Photodetectors: UV  to IR


J. C. Campbell

Department of Electrical and Computer Engineering, Microelectronics Research Center, University of Texas at Austin, Austin, TX 78712

Tel:1-512-471-9669; Fax:1-512-471-5625;



Recent breakthroughs in photodetector and optical receiver technologies have increased the performance and functionality of a wide range of existing systems as well as enabling new applications. For example, recent work on UV photodiodes has facilitated the development of smoke-detector-size sensors for hazardous biological agents that can be widely deployed in public facilities. By incorporating new materials and impact ionization engineering with beneficially designed heterostructures, the performance of avalanche photodiodes has been improved to levels previously thought to be theoretically unattainable. These photodiodes will be utilized in next-generation fiber optic systems that are projected to have transmission capacities as high as 10 terabits. In the infrared, quantum dot photodetectors that utilize nanostructures to confine carriers have recently achieved breakthrough detectivities and have the potential to achieve new levels of performance in infrared imaging with focal plane arrays.


 Joe C. Campbell (Student Member 1973, Member 1974, Senior Member 1988, Fellow 1990)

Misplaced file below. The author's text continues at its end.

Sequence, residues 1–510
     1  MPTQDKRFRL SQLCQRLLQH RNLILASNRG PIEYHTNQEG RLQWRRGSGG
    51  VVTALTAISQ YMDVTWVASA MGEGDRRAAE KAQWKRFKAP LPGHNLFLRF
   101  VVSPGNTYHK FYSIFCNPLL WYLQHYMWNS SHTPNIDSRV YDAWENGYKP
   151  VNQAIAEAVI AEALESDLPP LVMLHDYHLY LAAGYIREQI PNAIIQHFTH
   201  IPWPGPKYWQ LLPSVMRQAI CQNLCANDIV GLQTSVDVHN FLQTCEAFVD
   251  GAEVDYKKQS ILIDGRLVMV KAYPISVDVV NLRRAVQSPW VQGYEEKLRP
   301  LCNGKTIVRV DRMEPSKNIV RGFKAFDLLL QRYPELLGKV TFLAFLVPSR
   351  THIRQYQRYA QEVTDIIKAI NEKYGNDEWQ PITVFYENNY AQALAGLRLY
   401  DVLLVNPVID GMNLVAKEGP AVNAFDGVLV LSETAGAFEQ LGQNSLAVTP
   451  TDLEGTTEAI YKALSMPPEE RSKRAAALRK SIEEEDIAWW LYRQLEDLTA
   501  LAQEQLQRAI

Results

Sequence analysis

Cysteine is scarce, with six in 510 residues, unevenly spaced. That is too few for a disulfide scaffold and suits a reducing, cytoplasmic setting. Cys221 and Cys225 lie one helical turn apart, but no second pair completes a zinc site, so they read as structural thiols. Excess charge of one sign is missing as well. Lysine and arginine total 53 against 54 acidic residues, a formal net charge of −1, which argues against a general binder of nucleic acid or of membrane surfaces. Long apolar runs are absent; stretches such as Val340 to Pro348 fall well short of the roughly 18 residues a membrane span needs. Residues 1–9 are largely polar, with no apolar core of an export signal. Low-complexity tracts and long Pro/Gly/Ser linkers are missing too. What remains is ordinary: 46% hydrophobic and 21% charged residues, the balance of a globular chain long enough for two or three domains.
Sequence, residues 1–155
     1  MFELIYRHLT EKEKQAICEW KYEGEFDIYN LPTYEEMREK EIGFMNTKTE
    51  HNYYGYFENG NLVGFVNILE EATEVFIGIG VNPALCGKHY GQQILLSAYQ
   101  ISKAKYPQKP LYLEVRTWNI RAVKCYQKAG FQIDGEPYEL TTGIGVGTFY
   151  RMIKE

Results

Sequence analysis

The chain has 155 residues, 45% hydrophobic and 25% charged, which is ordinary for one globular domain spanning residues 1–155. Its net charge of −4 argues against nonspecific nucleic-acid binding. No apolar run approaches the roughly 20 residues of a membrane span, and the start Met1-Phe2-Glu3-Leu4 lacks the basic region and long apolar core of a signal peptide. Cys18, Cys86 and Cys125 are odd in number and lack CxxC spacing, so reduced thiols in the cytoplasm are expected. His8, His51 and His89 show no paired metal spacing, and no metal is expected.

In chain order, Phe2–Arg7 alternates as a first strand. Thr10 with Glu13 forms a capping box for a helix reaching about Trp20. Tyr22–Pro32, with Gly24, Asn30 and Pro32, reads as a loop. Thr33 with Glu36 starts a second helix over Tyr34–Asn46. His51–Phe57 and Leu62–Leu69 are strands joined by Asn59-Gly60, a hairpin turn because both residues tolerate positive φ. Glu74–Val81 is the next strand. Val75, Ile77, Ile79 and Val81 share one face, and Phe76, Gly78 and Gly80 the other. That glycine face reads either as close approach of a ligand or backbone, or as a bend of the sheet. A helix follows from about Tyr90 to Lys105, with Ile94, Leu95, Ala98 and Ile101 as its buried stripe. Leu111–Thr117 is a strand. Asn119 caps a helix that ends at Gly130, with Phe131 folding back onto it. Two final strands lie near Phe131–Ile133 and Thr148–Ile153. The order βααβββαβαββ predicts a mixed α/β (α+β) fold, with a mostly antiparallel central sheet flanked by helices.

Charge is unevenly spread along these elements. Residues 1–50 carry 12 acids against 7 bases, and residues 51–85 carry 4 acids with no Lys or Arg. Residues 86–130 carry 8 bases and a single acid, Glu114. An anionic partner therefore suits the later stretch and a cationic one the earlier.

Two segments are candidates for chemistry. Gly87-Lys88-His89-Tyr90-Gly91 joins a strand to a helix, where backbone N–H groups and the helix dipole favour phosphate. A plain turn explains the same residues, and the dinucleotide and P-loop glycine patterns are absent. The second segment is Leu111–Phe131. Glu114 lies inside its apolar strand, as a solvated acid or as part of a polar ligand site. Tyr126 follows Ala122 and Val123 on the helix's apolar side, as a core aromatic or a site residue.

Joe C. Campbell received the B.S. Degree in Physics for the University of Texas at Austin in 1969, and the M.S. and Ph.D. degrees in Physics from the University of Illinois at Urbana-Champaign in 1971 and 1973, respectively. From 1974 to 1976 he was employed by Texas Instruments where he worked on integrated optics. In 1976 he joined the staff of AT&T Bell Laboratories in Holmdel, New Jersey. In the Crawford Hill Laboratory he worked on a variety of optoelectronic devices including semiconductor lasers, optical modulators, waveguide switches, photonic integrated circuits, and photodetectors with emphasis on high speed avalanche photodiodes for high-bit-rate lightwave systems. In January of 1989 he joined the faculty of the University of Texas at Austin as Professor of Electrical and Computer Engineering and Cockrell Family Regents Chair in Engineering. At present he is actively involved in Si-based optoelectronics, high-speed, low-noise avalanche photodiodes, high-power photodiodes, ultraviolet photodetectors, and quantum-dot IR imaging. Professor Campbell has co-authored 6 book chapters, more than 300 journal publications, and 200 conference presentations. He is a member of the National Academy of Engineering, Fellow of the IEEE, a Fellow of the Optical Society of America, and Fellow of the American Physical Society.


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